When it comes to budgeting in business, a good place to start is to think about the products you plan to sell and at what price. Through your business plan, you’ll have an idea of the market landscape, including your competitors, and this will inform your pricing strategy. It’s important to say, there’s no one-size-fits all – you need to work out the right approach for your business – but looking at what your competitors are doing is instructive.

And then, there’s your costs…


Work out your costs

Your business plan will detail your startup and running costs. Whilst some investment will be needed at the outset to get your business launched (think essential equipment), your running costs will play a greater role in your budgeting plans. These costs can usually be split into two categories:

  • Fixed costs: Yes, you guessed it – these are costs that stay the same for the period in question. Things like rent and business rates would fall into this category.
  • Variable costs: These are costs which vary depending on the number of units you produce e.g. material, postage costs and labour (if people are paid on a per unit basis)

Variable costs are where the process of budgeting gets more complicated as it relies on you understanding the cost impact of your sales and production volumes. For example, the more you sell and item that you make, the more you’ll have to spend on labour, materials and fulfilment. There are plenty of budget templates out there to help you do this. This will also allow you to play around with your unit pricing so you can see the impact of increasing or decreasing what you plan to charge your customers.


Project your sales

For a small business, especially if you’re managing the budgets on your own, you’re likely to want to keep things simple. This usually means having one overall operating budget.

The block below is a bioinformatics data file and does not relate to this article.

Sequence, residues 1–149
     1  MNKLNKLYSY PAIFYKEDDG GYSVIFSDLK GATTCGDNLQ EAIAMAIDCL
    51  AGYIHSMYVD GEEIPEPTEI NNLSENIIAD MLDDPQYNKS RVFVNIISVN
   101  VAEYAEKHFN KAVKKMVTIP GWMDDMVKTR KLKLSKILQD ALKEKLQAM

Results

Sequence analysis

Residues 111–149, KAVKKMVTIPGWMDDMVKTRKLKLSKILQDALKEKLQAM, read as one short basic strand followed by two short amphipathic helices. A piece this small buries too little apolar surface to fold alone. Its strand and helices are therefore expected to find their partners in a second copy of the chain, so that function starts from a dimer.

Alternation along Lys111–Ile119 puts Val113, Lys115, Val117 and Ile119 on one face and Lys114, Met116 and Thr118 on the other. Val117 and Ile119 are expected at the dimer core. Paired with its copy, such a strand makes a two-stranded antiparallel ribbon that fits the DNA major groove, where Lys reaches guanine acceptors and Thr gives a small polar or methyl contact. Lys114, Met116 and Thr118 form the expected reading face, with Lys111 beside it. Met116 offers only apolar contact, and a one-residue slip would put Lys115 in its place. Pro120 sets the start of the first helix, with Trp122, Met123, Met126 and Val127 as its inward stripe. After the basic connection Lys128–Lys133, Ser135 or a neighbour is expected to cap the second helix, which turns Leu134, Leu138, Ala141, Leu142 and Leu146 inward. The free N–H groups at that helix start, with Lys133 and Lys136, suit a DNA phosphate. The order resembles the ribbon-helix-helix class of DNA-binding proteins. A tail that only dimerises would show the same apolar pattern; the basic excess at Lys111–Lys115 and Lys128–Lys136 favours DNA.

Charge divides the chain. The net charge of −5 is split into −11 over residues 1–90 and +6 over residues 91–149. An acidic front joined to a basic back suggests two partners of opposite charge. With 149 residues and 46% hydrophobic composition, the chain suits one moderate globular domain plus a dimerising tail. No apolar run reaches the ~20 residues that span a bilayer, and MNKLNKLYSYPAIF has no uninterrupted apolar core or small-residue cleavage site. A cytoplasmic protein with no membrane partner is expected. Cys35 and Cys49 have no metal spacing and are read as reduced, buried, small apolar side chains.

The first thing you’ll need to plot into your operating budget is your projected sales. Here’s a quick example of how that might look, taking into account seasonal variations in sales volumes:

Month 1 Month 2 Month 3 Month 4 Month 5 Month 6
Sales 250 200 220 300 310 150


Now, plot in your expenses

Month 1 Month 2 Month 3 Month 4 Month 5 Month 6
Sales 250 200 220 300 310 150
Cost of goods sold 125 100 110 150 155 75
Wages 60 60 60 70 75 60

We can see that the two biggest expenses have been added. The cost of goods to be sold are shown at about half the selling price and the wages are shown to be consistent with extra staff for the busy months.

You’ll then want to expand on this further and add other expenses (overheads such as rent and utilities).

Month 1 Month 2 Month 3 Month 4 Month 5 Month 6
Sales 250 200 220 300 310 150
Cost of goods sold 125 100 110 150 155 75
Wages 60 60 60 70 75 60
Other overheads 30 29 30 35 38 28
Total expenses 215 189 200 255 268 163


Calculate your profits

Deducting your total expenses from your sales will give your profit figure.

£ Month 1 Month 2 Month 3 Month 4 Month 5 Month 6
Sales 250 200 220 300 310 150
Cost of goods sold 125 100 110 150 155 75
Wages 60 60 60 70 75 60
Other overheads 30 29 30 35 38 28
Total expenses 215 189 200 255 268 163
Profit 35 11 20 45 42 -15

At this point, you’ll begin to see where your joy and pain points might be. For example, in Month 6 we can see that the business loses money. However, this might be tolerable as Month’s 4 and 5 have seen a decent profit levels.


Going forward…

As you proceed, checking in regularly and monitoring variances is a key activity, particularly in your first year where you won’t have the figures from previous years. You should include in your budget a column for the ‘Actual’ figures and monitor your performance against what you budgeted. Are you up or are you down? You may decide to do a reforecast every quarter where you can respond to changes in prices, sales volumes, and changes to the economic climate.

Whilst this is only a very simple business budget, it hopefully gives you an idea of the steps you’ll need to take when drawing up your own plans. As your business evolves and expands, it’s quite likely you’ll need to produce multiple budgets that work in tandem – for example, stock and production budgets, overhead budgets and cash budgets. But just getting a grip on the basics to begin with will go a long way.